Three PTM-CH=CH-(CH2)n−2SH radicals and three αH-PTM-CH=CH-(CH2)n−2SH non-radicals, with n=8, 10 and 12, have been synthesized. We use the abbreviations HSCnPTMR/NR for simplicity to follow the discussions. Figure 2 shows the synthetic route to the PTM-thiolated derivatives HSCnPTMR/NR. We aimed to couple the alkyl chain with the thiol-anchoring group to the PTM unit using a C=C bond, because the double bond only causes a small modification to the electronic structure of the PTM (unlike electron donating/withdrawing groups such as amides or carbonyls) and it can be readily formed by a Wittig–Horner reaction between the PTM-phosphonate and an aldehyde bearing the corresponding alkyl chain and the thiol-precursor38. To overcome the instability of the thiol groups under the Wittig–Horner conditions, as well as under the oxidative conditions needed to generate the radical from the corresponding carbanion, we used a triphenylmethyl (trityl) as a protecting group. This protecting group was easily deprotected in acidic media in the last step of the synthesis to obtain the final thiolated compounds (Fig. 2). High-pressure liquid chromatography (HPLC) confirmed that, despite the reducing character of the thiol groups and the low-reduction potential of the PTM radicals21, PTM-thiolated derivatives are stable for several weeks in ambient conditions. We note that storing for extended periods of time disulfide derivatives formed as a result of the oxidation of the thiol groups. The same was observed for the non-radical counterparts and, for this reason, all SAMs reported here were prepared using freshly deprotected thiolate derivatives.
SAM structural characterization
The SAMs were prepared using freshly template-stripped Au surfaces with ultra-flat topography39,40,41, which were immersed in 0.5 mM solutions of the target compound in toluene. Before the fabrication of the top-electrode, the SAMs were characterized by cyclic voltammetry (CV) and angle-resolved X-ray photoelectron spectroscopy (ARXPS) to ensure that we used good-quality SAMs (See Supplementary Fig. 10 and Supplementary Figs 13–16 for the complete data sets). The ARXPS and element ratios (see more details in Method section ‘Photoelectron spectroscopy’ and ‘Determination of the thickness of the SAMs from the S 2p spectra’) analysis from XPS revealed that both radical and non-radical SAMs are in a standing-up phase rather than lying flat on the surface, the calculated layer thickness (d) scales with n and was similar for PTMNR and PTMR SAMs with the same number of n, and that all SAMs had very similar surface coverage (1.4–1.6 × 10−9 mol cm−2) within experimental error (5%) (see Supplementary Table 1 and Methods). From our results, we conclude that the supramolecular structure of the SAM does not change when the PTM units are in the open- or closed-shell forms.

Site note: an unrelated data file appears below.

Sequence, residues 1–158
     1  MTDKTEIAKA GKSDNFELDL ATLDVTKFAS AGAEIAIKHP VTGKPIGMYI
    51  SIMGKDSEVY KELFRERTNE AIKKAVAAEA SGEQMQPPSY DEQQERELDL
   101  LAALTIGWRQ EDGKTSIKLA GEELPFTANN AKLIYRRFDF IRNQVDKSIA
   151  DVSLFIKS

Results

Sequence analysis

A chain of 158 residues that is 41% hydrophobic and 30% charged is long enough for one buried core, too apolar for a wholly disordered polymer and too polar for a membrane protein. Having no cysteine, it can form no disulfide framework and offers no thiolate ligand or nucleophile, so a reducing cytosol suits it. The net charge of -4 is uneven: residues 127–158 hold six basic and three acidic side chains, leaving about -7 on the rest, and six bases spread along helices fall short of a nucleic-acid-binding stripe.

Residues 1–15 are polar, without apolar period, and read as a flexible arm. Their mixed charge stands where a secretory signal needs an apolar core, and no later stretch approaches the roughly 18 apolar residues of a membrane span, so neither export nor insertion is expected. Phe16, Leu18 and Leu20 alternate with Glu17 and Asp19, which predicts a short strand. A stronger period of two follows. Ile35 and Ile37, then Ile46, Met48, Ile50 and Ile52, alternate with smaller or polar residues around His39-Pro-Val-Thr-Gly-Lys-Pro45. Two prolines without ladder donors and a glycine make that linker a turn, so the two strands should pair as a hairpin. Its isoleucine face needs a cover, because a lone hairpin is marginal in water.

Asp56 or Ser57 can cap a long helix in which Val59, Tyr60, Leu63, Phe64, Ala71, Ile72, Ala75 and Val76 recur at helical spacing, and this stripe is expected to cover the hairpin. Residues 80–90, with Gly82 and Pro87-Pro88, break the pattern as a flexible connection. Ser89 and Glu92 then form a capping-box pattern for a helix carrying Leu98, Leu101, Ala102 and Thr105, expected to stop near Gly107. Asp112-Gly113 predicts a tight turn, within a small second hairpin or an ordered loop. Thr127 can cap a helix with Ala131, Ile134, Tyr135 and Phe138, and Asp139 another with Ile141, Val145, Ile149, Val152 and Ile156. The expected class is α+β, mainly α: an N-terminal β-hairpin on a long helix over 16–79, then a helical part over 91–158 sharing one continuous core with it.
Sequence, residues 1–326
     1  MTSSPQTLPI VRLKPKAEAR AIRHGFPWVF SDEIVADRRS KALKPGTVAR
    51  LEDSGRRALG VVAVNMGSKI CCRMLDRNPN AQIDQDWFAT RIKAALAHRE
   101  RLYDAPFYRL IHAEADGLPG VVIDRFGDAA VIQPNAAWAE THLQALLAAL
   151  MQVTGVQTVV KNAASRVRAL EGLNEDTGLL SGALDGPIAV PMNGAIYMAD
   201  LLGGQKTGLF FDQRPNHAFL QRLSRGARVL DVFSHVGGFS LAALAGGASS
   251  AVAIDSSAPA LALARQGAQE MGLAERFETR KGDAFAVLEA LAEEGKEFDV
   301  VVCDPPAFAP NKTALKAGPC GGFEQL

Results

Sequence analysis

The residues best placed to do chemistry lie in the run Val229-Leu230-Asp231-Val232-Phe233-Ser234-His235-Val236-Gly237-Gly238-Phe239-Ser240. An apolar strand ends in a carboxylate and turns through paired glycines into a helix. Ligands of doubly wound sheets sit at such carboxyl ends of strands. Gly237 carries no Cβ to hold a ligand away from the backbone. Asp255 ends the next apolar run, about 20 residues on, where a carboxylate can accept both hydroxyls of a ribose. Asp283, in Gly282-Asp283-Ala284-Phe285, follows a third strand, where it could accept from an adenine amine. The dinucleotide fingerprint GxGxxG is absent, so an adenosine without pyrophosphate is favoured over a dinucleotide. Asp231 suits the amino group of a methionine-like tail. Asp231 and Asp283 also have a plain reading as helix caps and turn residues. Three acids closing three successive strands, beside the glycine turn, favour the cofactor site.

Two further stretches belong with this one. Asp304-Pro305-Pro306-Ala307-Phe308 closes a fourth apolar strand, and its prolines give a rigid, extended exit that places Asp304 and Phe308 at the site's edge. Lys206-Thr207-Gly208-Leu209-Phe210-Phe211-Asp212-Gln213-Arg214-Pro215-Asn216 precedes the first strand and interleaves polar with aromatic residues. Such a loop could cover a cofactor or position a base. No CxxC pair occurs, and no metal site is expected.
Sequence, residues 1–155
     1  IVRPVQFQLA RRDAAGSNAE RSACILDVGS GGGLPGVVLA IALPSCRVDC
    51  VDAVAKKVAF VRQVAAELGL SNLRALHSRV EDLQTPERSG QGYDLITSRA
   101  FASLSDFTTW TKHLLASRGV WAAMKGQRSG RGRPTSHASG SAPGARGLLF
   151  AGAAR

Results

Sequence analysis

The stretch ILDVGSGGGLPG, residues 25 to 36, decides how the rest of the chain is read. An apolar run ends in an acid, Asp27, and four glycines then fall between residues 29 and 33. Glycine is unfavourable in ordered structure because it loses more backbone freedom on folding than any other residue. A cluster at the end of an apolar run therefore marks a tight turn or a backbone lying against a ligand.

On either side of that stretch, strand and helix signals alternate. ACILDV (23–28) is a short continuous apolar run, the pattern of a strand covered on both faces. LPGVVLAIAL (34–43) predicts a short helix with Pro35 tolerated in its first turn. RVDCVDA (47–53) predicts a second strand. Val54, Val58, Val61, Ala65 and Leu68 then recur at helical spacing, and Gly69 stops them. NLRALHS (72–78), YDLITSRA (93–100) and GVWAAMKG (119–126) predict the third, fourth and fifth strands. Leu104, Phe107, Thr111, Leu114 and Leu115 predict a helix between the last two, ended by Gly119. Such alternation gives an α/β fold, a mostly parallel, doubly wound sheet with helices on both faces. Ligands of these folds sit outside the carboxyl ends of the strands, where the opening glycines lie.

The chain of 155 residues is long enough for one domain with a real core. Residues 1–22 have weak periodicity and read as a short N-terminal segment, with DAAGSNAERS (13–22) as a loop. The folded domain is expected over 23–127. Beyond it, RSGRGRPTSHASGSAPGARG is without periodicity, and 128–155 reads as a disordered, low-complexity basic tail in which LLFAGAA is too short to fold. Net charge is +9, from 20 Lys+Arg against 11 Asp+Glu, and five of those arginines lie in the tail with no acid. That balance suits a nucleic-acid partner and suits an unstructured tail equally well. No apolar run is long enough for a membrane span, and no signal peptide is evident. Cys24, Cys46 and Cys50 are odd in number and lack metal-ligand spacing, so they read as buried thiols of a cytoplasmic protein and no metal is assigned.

SAM electronic structure characterization
The electronic structure of the SAMs on AuTS was determined by ultraviolet photoelectron spectroscopy (UPS) and near edge X-ray adsorption fine structure spectroscopy (NEXAFS) to estimate the positions of the filled and empty states, respectively. The UPS spectra were recorded to determine their energy levels with respect to the Fermi level of a clean Au substrate for all PTMR/NR-AuTS SAMs. Figure 3a shows the UPS spectra of the HSCnPTMR SAMs. We found that the SOMO peak with a SOMO-onset value of ∼1.45 eV is clearly visible in contrast to the spectra obtained from HSCnPTMNR SAM that do not show this peak (here only HSC12PTMNR SAM is shown as representative of the PTMNR SAMs; see Supplementary Fig. 17 for n=8 and 10) and only reveal the HOMO peak with the HOMO-onset value at ∼2.45 eV. This is a clear evidence of the persistence of the unpaired electron once the molecules are covalently grafted on the surface.
The C K-edge NEXAFS spectra (Fig. 3b) show peaks at ∼285.7 and ∼286.5 eV, which are assigned to the C(Ph)→π* transitions in the perchlorinated phenyl rings of the PTM molecules42. These peaks are present in the spectra of PTMR and PTMNR SAMs, but in the case of the PTMR SAMs there is an additional peak at ∼282.9 eV. This peak indicates the presence of an empty state with an energy just above the Fermi level and it is attributed to the transition to the SUMO orbital42,43. We have calculated the SUMO (for the PTMR SAMs) and LUMO (for the PTMNR SAMs) energy position from the NEXAFS spectra (Table 1, see details in Methods). Thus, the molecular energy gap of the PTMR/NR SAMs could be calculated from UPS and NEXAFS spectra (Table 1) and the results are comparable with the optical band gap (∼1.9 eV for R and ∼3.9 eV for NR) determined by the ultraviolet–visible spectra (see Supplementary Figs 6 and 7).
We note that the energy levels determined by these techniques only involve SAMs. We believe that the energy levels shift once the SAMs form a contact with the GaOxcond/EGaIn top-electrodes, though we believe these shifts are small due to the non-covalent nature of the SAM//GaOxcond/EGaIn contact. Thus, the energy levels depicted in Fig. 1 give a good qualitative indication of the energy levels. Moreover these experimental data indicate that the SUMOs of radical and LUMOs of non-radical SAMs, are closer to the EF of GaOx/EGaIn (−4.2 eV)44 and SAM-modified AuTS bottom electrodes (−4.1 to −4.2 eV) than the SOMO and HOMO. Therefore we believe the mechanism of charge transport involves tunnelling via the SUMO or LUMO orbitals. We note that the nature of the charge carrier cannot be directly measured in these two-terminal devices, but our results agree with the findings reported by Cahen and co-workers45 for n-alkanethiolate SAMs that showed that transport is dominated by the unoccupied molecular orbitals.